I hope the new bank will be called TSB, a trusted name from the past. I had a TSB account opened for me by my father when I was about three and only became a Lloyds customer as a result of take-over. The Co-op is a Labour party benefactor, and this would have made me look for another bank. Brown, Blank and Daniels should be investigate for their destruction of Lloyds TSB.

  • rate this
    0

    Comment number 242.

    240
    ABN Amro (a European bank) is in the hands of European banks - inclusing our very own RBS - most of which have needed bailing out themselves. Some of the European banks are even deeper in the doodoo than ours are. Without an investment arm, all costs fall on those who bank with them - anyway, mortgages can be classed as investment banking.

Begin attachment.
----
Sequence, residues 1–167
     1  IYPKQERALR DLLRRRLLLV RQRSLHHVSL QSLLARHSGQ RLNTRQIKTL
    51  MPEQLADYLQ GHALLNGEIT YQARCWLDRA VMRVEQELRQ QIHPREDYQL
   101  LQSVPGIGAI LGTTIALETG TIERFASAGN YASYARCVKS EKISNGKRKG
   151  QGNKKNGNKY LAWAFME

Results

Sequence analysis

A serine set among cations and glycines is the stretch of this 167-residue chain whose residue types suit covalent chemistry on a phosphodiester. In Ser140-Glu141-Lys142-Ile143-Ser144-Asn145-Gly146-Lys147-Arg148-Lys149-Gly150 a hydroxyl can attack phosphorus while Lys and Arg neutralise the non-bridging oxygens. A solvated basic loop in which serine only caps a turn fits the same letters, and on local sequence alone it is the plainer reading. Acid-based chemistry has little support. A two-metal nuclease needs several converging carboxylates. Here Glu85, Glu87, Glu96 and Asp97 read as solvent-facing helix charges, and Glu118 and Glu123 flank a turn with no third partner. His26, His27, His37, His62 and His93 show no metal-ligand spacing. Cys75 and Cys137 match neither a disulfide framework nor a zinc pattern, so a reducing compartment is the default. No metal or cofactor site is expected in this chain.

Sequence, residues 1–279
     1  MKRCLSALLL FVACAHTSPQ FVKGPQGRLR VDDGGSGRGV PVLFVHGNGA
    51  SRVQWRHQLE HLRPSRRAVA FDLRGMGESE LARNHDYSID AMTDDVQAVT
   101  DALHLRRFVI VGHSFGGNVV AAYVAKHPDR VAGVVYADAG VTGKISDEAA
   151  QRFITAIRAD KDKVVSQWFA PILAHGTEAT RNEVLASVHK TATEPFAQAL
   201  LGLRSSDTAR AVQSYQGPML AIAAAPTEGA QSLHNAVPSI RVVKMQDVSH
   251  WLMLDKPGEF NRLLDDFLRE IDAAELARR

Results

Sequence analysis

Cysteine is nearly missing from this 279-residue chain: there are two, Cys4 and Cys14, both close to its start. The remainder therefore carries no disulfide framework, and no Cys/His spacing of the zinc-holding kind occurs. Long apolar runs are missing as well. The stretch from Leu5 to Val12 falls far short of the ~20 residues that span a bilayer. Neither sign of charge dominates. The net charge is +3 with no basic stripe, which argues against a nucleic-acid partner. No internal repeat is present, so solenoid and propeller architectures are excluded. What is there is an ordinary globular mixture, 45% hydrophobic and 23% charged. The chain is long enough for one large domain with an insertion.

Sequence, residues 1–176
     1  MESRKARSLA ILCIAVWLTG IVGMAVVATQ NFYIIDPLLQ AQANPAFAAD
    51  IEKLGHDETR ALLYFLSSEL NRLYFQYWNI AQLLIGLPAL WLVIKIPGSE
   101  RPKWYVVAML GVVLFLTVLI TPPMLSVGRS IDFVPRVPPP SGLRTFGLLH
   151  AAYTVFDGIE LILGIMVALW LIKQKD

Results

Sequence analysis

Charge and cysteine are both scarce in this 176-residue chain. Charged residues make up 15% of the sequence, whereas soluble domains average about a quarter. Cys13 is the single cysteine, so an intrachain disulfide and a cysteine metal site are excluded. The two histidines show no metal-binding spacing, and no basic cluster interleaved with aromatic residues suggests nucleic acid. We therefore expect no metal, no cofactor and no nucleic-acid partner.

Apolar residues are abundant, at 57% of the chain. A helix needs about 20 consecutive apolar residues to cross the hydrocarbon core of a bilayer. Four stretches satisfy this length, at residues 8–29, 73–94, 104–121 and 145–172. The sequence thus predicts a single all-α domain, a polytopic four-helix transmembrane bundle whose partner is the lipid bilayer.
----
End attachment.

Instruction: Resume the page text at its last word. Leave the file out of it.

• rate this
    0

    Comment number 241.

    The co-op should never have got involved with this in the first place. Interesting interview where the chief exec implies that they got involved in the deal based on a tory chancellor's fanciful growth forecasts - did they really believe these forecasts - did anybody? I suppose thay do deserve a little bit of credit for getting out of it before getting their fingers badly burnt

  • rate this
    +1

    Comment number 240.

    Starting with Girobank through to the demutualisation of the Building Societies, successive governments have enabled the concentration of financial services in this country into the hands of a few large banks.
    Most European countries still have a diversified banking sector, with tighter regulation too.
    Can't see any of the main parties doing anything about it.Retail v 'investment' banking, when?

  • rate this
    +5

    Comment number 239.

    220